Crisci et al. [15] calculate the FPR for the neutrality tests using the following pipeline: (1) simulations from equilibrium models using Hudson’s ms [52] and constant number of SNPs. This set of simulations is used only for the determination of the thresholds for the tools; (2) simulations using sfscode [71] (constant or bottlenecked population). These data are called empirical datasets, and are used for the estimation of the FPR; (3) execution of the neutrality tests on the empirical datasets. The FPR is estimated by assigning each empirical dataset to a threshold value from an equilibrium model with similar number of SNPs. Note that, such an approach differs from the approach that has been followed by other studies (e.g. [72, 73]), where the null model is specified by the inferred neutral demographic model. Specifying the null model by the inferred neutral demographic model controls efficiently for the FPR. Thus, Crisci et al. effectively studied how demographic model misspecification affects the FPR. Another major difference between the approach followed by Crisci et al. and other studies is that, for the SFS-based methods (SweepFinder, SweeD), Crisci et al. calculate the neutral (or prior-to-sweep) SFS using the candidate region itself (here 50 kb), instead of the average SFS on a chromosome-wide scale. Even though the first approach might have a lower FPR, the later is more powerful to detect selective sweeps: when the neutral SFS is calculated by a small genetic region that potentially includes a sweep, the affected (by the sweep) SFS is assumed to represent neutrality. Thus, the CLR test will assume lower values. For neutral equilibrium models, i.e., constant population size, they find that the FPR for SweepFinder ranges from 0.01 to 0.18, depending on the mutation and recombination rate: the lower the mutation and recombination rates the higher the FPR of SweepFinder. The FPR for SweeD ranges between 0.04 and 0.07. For OmegaPlus, the FPR ranges between 0.05 and 0.07. In general, the FPR for all tools is low when the demographic model is at equilibrium.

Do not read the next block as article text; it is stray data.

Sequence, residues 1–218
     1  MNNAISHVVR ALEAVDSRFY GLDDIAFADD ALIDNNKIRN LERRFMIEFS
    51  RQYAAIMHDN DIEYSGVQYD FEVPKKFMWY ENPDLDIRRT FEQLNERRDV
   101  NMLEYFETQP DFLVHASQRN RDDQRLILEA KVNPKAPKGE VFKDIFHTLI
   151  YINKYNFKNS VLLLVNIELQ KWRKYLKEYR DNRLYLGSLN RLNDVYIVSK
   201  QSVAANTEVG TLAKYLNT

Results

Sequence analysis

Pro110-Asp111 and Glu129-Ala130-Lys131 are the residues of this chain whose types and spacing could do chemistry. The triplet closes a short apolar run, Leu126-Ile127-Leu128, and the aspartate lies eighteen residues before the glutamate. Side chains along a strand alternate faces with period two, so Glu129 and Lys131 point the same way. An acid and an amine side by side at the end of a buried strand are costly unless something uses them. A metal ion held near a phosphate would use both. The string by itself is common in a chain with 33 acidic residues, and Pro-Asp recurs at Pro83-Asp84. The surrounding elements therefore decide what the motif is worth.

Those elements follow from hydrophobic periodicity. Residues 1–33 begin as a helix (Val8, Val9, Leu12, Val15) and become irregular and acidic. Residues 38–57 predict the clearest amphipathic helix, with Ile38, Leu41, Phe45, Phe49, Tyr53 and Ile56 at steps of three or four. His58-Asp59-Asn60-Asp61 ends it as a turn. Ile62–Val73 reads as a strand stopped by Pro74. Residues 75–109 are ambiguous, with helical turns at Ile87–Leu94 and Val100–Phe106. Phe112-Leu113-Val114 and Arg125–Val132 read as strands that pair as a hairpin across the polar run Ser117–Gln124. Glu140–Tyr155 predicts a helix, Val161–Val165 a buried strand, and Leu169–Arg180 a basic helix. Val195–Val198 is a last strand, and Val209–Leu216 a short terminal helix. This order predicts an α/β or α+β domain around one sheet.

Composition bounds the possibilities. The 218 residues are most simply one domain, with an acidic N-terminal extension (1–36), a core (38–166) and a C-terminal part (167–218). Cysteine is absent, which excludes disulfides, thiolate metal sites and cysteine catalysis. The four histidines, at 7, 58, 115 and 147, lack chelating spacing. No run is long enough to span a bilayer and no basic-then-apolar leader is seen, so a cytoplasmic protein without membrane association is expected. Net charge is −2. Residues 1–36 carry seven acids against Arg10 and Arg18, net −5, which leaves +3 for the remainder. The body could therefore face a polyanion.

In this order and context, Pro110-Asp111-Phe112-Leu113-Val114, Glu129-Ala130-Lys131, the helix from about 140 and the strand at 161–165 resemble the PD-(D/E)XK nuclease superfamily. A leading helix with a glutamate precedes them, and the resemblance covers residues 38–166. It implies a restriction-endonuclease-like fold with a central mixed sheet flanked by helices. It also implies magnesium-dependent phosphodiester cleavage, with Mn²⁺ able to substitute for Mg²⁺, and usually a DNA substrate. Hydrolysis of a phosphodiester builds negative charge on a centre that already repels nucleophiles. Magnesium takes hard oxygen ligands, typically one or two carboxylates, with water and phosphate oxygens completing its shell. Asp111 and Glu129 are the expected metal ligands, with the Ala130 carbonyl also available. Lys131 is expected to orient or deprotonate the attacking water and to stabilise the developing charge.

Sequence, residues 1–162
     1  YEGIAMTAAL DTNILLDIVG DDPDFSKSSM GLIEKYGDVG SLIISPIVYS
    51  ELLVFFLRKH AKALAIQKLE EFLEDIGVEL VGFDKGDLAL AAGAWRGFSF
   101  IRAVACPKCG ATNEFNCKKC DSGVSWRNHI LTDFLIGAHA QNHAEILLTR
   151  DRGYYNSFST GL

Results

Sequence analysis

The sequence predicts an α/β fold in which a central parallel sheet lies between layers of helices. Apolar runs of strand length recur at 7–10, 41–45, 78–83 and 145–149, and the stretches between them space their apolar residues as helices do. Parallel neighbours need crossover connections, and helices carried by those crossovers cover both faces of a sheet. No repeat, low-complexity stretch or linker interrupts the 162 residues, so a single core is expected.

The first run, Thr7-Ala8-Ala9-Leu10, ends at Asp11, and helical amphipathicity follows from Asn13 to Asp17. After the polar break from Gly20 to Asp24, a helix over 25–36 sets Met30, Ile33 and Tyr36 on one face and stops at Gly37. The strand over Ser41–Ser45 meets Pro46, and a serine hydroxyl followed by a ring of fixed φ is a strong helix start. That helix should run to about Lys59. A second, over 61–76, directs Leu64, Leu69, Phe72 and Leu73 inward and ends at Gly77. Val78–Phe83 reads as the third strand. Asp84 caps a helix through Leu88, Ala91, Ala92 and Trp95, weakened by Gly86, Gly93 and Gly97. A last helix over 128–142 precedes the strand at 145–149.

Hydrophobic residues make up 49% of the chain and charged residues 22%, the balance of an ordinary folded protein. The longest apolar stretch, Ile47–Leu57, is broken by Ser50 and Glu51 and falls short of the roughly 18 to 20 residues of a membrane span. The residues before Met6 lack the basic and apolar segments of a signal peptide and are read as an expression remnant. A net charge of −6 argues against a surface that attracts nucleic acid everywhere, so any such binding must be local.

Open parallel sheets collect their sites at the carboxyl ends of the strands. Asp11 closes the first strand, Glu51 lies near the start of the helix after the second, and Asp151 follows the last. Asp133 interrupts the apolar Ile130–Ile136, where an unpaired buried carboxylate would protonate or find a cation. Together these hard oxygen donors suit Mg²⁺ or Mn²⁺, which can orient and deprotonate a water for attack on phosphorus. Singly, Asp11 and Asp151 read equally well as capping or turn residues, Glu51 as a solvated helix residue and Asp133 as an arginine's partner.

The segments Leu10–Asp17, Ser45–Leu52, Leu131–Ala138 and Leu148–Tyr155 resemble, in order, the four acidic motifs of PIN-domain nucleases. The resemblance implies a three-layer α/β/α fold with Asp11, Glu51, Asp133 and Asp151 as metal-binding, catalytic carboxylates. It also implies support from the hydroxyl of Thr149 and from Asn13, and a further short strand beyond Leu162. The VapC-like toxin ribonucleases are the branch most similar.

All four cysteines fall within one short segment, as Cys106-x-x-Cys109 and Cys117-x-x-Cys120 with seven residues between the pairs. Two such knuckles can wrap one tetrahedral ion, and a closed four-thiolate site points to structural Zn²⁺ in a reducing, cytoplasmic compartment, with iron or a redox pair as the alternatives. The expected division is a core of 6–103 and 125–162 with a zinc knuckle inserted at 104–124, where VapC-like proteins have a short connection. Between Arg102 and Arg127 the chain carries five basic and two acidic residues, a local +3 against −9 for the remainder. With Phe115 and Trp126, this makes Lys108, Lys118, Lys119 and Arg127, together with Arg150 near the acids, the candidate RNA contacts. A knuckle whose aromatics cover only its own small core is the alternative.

When the assumption of an equilibrium population is violated and the empirical datasets are derived from bottlenecked populations, the FPR increases. Such an increase of the FPR is more striking when the average SFS of the empirical dataset is used to represent the SFS of the null model. The reason for such an increase is that bottlenecked datasets show great variance of the SFS from a region to another. Thus, even though, on average, a bottlenecked population will have a monotonically decreasing SFS [74], there might be regions that show an excess of high-frequency and low-frequency derived variants, and thus they mimic the SFS of a selective sweep.